EU’s Landmark Carbon Border Adjustment Mechanism Goes Into Effect
MOSCOW, October 1 (Sputnik) – The European Union on Sunday launched the first phase of its landmark Carbon Border Adjustment Mechanism (CBAM), which prescribes that foreign manufacturers provide the European Commission with information on harmful emissions.
The initiative is designed to eliminate inequality between EU manufacturers and foreign producers, as well as to encourage cleaner industrial production in non-EU countries.
In its transitional phase, the mechanism will apply to imports of goods from six carbon-intensive industrial sectors, including iron and steel, cement, fertilizers, aluminum, electricity generation and hydrogen. Starting from Sunday, foreign suppliers who plan to keep exporting to the EU have to collect data on their harmful air emissions and submit them to a special register.
At later stages, the CBAM will obligate foreign manufacturers to compensate for the difference in a price paid for carbon emissions of their products, which is caused by weaker environmental laws in their countries compared to stricter EU regulations. Under the new rules, foreign producers will have to pay for their emissions as if their plants were located on EU territory. The mechanism is also intended to prevent EU manufacturers from relocating their production facilities from the bloc to countries with lower environmental standards.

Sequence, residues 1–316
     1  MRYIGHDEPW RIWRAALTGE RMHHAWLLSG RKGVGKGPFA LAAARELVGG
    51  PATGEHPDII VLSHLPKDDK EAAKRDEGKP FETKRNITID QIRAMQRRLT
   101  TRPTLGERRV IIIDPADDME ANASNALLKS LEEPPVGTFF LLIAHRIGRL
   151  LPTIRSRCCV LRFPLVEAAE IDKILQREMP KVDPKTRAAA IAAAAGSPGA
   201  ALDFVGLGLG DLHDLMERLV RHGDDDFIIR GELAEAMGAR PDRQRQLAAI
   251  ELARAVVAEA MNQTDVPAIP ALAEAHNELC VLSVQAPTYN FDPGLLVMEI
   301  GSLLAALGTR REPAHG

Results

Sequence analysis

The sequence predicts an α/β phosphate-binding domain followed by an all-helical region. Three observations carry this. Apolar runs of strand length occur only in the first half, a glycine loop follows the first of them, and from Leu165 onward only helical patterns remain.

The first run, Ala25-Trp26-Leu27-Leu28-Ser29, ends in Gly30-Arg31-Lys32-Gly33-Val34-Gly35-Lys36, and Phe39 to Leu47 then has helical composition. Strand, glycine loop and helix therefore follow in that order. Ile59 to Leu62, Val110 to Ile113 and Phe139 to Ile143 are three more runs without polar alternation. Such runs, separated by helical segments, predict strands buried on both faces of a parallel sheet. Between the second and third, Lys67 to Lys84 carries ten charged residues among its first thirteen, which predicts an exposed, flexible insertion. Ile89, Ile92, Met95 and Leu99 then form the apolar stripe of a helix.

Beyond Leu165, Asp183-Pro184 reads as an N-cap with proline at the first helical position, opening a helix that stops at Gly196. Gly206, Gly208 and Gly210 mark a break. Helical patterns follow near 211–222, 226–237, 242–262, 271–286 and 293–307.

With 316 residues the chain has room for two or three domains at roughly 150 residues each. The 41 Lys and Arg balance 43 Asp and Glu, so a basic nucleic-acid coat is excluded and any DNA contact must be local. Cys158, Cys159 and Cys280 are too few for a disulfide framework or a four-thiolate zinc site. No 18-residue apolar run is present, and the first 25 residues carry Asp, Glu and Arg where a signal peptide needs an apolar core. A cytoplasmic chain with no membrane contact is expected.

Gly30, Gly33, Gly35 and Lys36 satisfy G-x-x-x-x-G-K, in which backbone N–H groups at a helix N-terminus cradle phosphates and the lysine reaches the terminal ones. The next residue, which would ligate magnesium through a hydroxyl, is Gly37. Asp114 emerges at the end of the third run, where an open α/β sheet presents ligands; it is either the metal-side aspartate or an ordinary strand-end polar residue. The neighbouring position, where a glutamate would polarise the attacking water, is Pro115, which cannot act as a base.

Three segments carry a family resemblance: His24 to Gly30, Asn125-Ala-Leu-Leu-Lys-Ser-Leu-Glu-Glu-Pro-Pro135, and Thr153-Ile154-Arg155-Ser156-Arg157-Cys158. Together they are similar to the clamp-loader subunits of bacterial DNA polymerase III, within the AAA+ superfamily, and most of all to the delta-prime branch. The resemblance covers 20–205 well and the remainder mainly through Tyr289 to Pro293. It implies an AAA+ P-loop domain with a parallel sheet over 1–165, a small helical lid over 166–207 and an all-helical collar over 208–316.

Opponents of the new mechanism argue that it will inevitably lead to an increase in world prices and, in general, will have a negative impact on both international trade and final consumers. Moreover, some experts believe that the EU countries will try to deal with the economic consequences of such a mechanism at the national level, softening their nations’ rules for its implementation.
The Council of the European Union in July adopted a new energy directive that aims to reduce EU member states’ final energy consumption by 11.7% by 2030 as part of the Fit for 55 package. The Fit for 55 package represents a set of proposals to revise and update EU legislation in order to reduce net greenhouse gas emissions by at least 55% by 2030 compared with 1990 and reach climate neutrality by 2050.